Gibraltar Buzzard - Spain
Gibraltar Buzzard - Spain
Carefully analysing what we had obtained, we were still very much in the dark. Chris was still certain we had a Long-legged Buzzard, while the white markings on the back had me thinking there may have been some Bonelli’s Eagle influence. The face however was distinctly buzzard like, as were the underwings, and we were still none the wiser as to the identity of our mystery bird.

Getting back to the UK I did some research to try and solve the mystery, and came across an interesting paper detailing the emergence of Gibraltar Buzzards – a hybrid between Common Buzzards and Atlas Long-legged Buzzards (the paper in question). First originating near Gibraltar where naturally the two species have the highest chance of meeting, these hybrids have now spread over Southern Spain, even as far north as Seville. With Long-legged Buzzards only very rarely recorded in Spain, it was highly unlikely that we would encounter two on our journey (we spotted a second individual near Osuna a day later). This coupled with the highly irregular plumage details we encountered meant that the birds were most probably “Gibraltar Buzzards” – unfortunately hybrids and not a true species in their own right.

With the afternoon pressing on, we continued down the track to a small parking area, before heading out on foot to the second and third pools at Laguna de Espera, hoping Red-knobbed Coots could be found on at least one! The heat was now completely unbearable, and having drank all my juice supplies I was without a source of hydration – not a good mix! Having made it to the first hide and despite it being well covered, for some reason the birds all inexplicably flushed! An otter seen later running across the track may have been the culprit, but we now had an even trickier task as the birds were much further away.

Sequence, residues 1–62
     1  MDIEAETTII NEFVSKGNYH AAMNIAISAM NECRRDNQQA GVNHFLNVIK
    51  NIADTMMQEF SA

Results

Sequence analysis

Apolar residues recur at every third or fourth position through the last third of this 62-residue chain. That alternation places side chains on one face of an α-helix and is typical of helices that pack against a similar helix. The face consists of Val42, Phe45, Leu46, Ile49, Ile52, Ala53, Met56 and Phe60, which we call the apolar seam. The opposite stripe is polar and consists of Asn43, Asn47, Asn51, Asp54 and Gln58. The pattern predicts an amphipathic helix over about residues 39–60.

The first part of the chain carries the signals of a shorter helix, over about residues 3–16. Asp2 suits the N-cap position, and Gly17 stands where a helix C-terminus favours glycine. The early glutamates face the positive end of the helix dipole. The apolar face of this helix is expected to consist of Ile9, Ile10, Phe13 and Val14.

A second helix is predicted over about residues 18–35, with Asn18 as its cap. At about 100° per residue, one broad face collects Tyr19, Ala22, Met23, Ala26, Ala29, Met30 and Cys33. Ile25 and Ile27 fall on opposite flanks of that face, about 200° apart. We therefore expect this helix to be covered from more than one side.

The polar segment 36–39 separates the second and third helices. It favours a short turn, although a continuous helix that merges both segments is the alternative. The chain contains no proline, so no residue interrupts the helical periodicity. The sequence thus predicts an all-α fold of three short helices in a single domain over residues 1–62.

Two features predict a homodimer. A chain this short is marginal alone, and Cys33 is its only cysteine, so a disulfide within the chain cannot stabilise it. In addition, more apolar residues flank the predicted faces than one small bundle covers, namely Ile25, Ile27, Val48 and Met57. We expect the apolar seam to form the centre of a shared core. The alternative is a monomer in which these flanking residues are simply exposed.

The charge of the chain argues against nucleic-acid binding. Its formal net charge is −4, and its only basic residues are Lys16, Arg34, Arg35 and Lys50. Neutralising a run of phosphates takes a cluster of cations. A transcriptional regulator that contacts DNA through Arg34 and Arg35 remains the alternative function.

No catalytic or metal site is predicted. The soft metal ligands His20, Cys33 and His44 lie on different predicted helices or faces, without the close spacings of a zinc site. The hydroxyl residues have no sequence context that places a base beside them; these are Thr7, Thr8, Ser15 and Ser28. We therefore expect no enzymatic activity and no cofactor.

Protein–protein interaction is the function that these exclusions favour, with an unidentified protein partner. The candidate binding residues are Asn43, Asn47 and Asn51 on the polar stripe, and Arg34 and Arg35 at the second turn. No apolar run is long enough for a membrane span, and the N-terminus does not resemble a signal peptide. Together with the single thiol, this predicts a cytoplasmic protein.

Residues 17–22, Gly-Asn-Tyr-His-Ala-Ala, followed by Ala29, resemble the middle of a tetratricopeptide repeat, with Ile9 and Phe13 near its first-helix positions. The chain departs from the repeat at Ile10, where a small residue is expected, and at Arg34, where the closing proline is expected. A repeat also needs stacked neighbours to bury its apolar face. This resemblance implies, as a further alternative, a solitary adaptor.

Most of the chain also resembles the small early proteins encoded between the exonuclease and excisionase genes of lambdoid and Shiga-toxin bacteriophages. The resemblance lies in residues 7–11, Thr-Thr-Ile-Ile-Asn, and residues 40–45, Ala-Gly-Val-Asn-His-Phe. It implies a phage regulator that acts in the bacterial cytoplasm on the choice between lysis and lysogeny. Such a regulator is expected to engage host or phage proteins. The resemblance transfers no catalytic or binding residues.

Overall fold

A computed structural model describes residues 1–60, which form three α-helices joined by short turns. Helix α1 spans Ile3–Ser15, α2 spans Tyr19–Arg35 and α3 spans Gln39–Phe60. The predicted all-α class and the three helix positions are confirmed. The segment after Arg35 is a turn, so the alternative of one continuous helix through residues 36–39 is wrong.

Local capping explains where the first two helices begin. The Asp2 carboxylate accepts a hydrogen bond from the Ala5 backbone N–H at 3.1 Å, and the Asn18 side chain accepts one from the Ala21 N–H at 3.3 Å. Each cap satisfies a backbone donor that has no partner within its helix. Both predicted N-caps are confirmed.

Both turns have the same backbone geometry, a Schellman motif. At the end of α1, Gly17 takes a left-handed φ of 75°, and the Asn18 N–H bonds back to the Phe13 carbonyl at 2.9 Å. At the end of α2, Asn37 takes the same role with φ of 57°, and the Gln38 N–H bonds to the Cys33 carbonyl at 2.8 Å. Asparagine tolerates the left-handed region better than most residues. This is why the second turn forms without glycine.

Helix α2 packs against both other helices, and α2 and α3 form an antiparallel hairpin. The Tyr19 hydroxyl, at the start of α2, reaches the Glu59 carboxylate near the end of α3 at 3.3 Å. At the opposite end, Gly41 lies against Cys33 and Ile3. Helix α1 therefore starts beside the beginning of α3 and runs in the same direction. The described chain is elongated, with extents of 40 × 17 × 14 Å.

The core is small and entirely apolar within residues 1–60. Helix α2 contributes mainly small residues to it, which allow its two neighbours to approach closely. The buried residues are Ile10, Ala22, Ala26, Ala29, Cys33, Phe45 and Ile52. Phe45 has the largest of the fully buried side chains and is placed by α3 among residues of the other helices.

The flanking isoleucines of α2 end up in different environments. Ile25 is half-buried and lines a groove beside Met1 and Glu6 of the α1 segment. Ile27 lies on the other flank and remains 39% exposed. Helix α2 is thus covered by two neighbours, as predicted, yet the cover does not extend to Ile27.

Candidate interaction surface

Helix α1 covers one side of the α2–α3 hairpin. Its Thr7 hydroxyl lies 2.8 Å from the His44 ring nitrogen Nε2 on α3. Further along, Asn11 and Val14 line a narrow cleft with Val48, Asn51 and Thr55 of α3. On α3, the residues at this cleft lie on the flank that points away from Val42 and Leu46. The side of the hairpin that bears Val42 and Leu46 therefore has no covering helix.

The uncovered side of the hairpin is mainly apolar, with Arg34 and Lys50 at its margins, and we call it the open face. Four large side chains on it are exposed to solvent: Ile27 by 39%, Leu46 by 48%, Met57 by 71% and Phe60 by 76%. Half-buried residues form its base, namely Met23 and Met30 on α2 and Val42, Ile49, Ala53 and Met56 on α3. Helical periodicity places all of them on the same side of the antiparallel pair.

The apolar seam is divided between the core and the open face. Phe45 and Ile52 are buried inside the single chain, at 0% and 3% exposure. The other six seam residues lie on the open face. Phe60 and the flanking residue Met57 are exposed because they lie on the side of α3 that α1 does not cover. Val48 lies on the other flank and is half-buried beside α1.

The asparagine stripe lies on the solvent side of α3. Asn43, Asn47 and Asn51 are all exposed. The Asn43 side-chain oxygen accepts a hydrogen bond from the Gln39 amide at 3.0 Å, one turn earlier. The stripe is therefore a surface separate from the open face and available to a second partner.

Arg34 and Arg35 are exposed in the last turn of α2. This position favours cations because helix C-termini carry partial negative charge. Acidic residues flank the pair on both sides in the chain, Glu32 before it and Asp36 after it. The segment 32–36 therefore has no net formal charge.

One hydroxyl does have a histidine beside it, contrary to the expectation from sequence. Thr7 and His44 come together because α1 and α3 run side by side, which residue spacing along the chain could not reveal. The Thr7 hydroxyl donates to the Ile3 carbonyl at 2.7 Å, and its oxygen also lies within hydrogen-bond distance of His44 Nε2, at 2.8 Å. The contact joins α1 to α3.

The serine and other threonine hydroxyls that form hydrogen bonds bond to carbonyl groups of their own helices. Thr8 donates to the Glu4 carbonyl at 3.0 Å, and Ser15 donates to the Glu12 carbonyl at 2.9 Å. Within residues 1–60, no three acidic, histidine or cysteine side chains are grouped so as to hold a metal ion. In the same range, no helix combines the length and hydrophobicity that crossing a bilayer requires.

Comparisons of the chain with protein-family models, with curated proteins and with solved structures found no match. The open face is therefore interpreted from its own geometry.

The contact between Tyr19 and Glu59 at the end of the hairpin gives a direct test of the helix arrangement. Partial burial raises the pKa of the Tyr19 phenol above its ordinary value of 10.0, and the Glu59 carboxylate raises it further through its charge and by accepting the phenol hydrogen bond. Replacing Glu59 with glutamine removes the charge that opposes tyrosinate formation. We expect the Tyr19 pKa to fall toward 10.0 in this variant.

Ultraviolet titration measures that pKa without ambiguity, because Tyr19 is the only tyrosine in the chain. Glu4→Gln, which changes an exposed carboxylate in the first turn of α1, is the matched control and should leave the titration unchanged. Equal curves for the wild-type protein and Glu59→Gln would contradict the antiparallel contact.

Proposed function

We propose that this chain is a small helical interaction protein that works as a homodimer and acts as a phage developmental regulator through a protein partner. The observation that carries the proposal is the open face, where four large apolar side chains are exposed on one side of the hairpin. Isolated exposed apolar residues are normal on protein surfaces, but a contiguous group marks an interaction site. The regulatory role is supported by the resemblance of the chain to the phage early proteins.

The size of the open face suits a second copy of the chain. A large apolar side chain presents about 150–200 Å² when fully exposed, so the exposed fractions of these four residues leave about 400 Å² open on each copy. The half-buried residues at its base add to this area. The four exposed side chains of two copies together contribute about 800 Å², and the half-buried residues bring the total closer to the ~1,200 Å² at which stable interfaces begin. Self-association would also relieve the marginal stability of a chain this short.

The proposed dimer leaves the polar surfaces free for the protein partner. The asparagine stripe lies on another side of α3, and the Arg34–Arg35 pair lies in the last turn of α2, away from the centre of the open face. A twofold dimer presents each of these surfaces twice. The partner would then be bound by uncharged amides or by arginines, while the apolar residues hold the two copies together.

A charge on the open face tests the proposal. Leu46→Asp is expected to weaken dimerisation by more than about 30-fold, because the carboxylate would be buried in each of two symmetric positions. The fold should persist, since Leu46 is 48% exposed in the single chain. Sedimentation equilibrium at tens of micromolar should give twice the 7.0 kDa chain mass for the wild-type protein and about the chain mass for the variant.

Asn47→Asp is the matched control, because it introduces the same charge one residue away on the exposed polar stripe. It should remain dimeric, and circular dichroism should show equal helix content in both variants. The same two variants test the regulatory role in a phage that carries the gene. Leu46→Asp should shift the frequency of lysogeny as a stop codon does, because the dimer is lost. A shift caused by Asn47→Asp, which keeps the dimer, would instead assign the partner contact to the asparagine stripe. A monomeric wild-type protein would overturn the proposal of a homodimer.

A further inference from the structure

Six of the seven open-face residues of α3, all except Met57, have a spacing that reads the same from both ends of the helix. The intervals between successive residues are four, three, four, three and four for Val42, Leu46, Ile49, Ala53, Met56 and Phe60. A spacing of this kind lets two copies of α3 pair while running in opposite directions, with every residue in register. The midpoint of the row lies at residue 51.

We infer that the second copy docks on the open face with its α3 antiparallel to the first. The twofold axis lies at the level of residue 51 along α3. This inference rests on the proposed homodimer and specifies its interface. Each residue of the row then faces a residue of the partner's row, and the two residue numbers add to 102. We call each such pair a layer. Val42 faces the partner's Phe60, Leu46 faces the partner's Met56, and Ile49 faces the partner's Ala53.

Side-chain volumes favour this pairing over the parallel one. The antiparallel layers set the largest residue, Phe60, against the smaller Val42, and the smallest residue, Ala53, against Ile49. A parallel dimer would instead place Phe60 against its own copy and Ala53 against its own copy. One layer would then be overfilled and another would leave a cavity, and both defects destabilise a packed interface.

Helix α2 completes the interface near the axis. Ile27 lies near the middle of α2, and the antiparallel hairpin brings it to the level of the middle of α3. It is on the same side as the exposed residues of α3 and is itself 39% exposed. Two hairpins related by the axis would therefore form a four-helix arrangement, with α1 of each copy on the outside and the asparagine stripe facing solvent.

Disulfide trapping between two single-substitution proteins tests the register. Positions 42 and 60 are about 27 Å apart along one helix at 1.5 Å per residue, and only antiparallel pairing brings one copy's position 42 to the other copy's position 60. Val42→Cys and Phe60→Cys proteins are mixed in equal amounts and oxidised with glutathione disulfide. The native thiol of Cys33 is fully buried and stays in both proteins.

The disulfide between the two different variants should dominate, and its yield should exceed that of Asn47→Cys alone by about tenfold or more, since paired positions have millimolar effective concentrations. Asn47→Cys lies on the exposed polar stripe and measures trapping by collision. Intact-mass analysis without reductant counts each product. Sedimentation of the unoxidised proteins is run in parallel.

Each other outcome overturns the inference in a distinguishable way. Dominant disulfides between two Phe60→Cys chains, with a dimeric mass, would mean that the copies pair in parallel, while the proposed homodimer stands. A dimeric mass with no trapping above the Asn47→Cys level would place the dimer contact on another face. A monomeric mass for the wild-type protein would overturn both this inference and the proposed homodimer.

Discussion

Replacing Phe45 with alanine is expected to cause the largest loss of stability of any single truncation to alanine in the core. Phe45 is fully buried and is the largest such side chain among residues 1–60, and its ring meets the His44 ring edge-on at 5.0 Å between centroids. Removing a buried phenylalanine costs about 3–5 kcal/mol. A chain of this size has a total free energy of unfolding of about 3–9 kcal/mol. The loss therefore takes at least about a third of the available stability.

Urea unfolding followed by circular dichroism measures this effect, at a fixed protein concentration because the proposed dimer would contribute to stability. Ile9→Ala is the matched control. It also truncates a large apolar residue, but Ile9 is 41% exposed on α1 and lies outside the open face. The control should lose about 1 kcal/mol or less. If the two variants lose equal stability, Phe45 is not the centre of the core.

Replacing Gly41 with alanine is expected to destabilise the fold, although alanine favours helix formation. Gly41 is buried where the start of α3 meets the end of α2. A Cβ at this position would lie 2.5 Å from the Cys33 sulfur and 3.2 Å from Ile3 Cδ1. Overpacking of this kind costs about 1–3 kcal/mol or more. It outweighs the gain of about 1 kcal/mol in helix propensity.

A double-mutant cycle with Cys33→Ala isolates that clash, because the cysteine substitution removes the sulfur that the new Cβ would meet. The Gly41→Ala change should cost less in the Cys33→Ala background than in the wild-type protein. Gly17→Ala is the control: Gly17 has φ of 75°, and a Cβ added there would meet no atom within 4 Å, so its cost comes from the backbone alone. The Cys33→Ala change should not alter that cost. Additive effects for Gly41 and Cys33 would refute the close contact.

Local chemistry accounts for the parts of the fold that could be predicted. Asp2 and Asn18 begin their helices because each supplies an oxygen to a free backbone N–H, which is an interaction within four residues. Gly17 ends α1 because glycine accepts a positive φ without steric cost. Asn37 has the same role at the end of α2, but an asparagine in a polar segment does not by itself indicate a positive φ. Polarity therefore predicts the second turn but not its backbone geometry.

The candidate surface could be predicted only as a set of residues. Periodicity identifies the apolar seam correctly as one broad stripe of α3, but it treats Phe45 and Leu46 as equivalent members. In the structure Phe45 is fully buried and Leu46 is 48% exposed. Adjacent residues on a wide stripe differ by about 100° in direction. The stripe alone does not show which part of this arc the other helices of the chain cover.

Sage Skipper - Photo by Alex Jones
Alex had a pair of Ferruginous Ducks in flight, whilst Red-crested Pochard, Mallards, Shovelers and Gadwall were all present. With the huge distance between us and the birds it was going to prove exceptionally hard to pick out any Red-knobbed Coots, so we headed on to the third lagoon. This proved to be some distance away, and when we reached a fork in the path the heat just proved too much. Telling Alex and Chris to go on ahead and that I’d stay under the shade of a tree, they weren’t having any of it, and we thankfully headed back to the car as a team, stopping at regular intervals in the shade to stop any dehydration setting in. Thanks to both of them for looking after me and making sure I was ok!

With the heat still scorching hot and not abating in the slightest, we headed to our penultimate night’s stay in the beautiful city of Seville, (where our hotel had keys replaced with James Bond style fingerprint scanners!) and we enjoyed a delicious dinner of tapas after taking in the sights. 
Fingerprint door opener!